I would like to begin this post with a caveat. This post is PRIMARILY meant for non- IP practitioners. This post deals with a settled legal position viz, a trademark encompasses colour scheme / colour combination as well. The intention of this post is to help a non-resourceful, aggrieved person discern the broad strategy in building a prima facie case through a recently decided case law. On quite a few occasions, I have been asked to opine on the aforesaid issue by lawyers, entrepreneurs, start ups etc etc who do not enjoy easy availability of resources. Hence this post. Kindly note that this post is only indicative in nature. It does not substitute a professional legal advice.
DEERE & CO. & ANR. v. S. HARCHARAN SINGH & ANR. I.A. No.24477/2014 (u/o XXXIX R.1 & 2 CPC)
[The Court directed the issue of notice to the defendants.]
The Deere Group is commonly referred to as the ‘John Deere’ after its founder and Chairman Mr. John Deere. Founded in the year 1837, the plaintiff No.1 claims to be one of the largest and leading agricultural and construction equipment manufacturers in the world including India.
According to the plaintiffs, defendants are manufacturing and selling lookalikes of the plaintiffs’ farm equipment including but not limited to Tractors, Harvesters and Combines under their trading name/mark “SURINDERA” across India.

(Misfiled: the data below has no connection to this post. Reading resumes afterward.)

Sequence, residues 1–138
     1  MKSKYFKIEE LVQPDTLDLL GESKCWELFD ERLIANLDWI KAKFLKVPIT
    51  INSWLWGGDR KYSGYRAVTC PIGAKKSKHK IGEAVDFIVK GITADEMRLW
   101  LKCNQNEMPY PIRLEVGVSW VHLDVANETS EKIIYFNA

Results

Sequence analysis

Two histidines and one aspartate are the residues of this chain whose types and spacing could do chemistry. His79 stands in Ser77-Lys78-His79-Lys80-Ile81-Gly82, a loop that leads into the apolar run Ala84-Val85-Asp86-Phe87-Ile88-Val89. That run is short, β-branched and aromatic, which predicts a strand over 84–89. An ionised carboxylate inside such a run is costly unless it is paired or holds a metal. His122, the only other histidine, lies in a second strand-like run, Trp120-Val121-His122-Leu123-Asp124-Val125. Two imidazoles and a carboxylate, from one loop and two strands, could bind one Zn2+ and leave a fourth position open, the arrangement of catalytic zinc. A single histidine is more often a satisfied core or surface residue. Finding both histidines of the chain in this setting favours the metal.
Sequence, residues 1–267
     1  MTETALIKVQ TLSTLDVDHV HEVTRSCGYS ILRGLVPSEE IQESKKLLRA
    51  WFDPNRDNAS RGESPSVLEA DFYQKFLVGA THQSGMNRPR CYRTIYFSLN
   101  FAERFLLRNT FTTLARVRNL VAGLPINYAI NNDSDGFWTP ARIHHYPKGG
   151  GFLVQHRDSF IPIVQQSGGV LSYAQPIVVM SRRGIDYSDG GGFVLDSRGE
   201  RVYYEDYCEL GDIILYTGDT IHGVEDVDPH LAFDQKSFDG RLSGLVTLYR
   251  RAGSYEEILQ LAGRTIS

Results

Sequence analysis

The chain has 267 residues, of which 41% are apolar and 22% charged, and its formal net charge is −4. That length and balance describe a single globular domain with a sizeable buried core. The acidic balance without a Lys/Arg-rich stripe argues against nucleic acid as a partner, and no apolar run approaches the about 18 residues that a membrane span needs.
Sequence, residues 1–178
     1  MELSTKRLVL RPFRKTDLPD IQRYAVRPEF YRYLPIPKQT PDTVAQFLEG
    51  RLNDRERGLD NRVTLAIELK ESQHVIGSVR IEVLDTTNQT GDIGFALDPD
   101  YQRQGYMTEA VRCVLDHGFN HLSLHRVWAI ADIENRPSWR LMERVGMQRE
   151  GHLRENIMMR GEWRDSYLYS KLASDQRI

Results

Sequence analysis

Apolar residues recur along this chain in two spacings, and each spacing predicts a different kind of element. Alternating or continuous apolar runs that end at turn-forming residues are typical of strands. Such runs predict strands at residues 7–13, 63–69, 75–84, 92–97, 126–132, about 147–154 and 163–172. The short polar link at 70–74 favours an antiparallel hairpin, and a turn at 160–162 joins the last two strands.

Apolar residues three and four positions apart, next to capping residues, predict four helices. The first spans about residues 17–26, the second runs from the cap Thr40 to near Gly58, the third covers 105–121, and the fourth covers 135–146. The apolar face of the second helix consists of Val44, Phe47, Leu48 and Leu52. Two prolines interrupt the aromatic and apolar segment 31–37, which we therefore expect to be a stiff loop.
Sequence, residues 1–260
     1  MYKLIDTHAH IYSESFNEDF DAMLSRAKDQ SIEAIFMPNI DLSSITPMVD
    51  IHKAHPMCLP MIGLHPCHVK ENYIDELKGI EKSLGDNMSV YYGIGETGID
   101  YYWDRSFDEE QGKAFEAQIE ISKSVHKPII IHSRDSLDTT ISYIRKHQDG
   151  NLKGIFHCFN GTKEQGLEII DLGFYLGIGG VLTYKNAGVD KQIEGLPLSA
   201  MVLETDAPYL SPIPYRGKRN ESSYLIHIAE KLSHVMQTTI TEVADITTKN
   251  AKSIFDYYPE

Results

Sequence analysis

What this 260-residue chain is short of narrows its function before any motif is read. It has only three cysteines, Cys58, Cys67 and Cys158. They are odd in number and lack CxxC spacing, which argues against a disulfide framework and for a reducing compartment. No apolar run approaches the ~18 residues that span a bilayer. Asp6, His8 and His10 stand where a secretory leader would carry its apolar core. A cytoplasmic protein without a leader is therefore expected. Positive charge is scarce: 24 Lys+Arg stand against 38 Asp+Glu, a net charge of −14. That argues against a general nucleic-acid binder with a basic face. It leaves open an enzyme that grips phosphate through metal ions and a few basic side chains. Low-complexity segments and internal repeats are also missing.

It was contended that the plaintiff No.1 is the registered proprietor of trademarks in relation to the unique Green and Yellow colour scheme and logo. The defendants blatantly copied the impugned marks in relation to their agricultural vehicles without any authorization from the plaintiffs. Further, the manner of use of colour combination by the defendants is deceptively similar to that of the plaintiffs. Such deceptively similar adoption by the defendants (of the plaintiffs’ trademark and trade dress) is bound to confuse the consumers.
Section 2(m) of the Trade Marks Act, 1999 (“the Act”) reads as under:
“mark includes a device, brand, heading, label, ticket, name, signature, word, letter, numeral, shape of goods, packaging or combination of colours or any combination thereof”
Section (zb) of the Act reads as under:
“(zb) trade mark means a mark capable of being represented graphically and which is capable of distinguishing the goods or services of one person from those of others and may include shape of goods, their packaging and combination of colours”
In the light of aforesaid provisions, it was held that the colour/colour-combination can be treated as trademarks if these are distinctive and exclusively associated with the trader. It was held that “the plaintiffs have been able to make out a strong prima facie case in their favour. The balance of convenience also lies in favour of the plaintiffs and against the defendants. In case the interim orders are not issued, the plaintiffs would suffer irreparable loss and injury.” Accordingly, interim injunction was granted.
How did Mr. Praveen Anand, counsel for Plaintiff, argue his case?
Mr. Praveen Anand is one of the leading IP lawyers in the country. He built his prima facie case by relying on the following factors which can, in fact, be taken as an indicative list:
- A brief background of the company
- Its commercial history in India
- Extent of its geographical presence in both India and abroad
- Its presence in media
- Its partnership with the government
- Advertising/promotional expenses of the plaintiffs in India for a period of five years
- Its sales figures for a period of five years
- Comparison of marks and thereby showing the similarities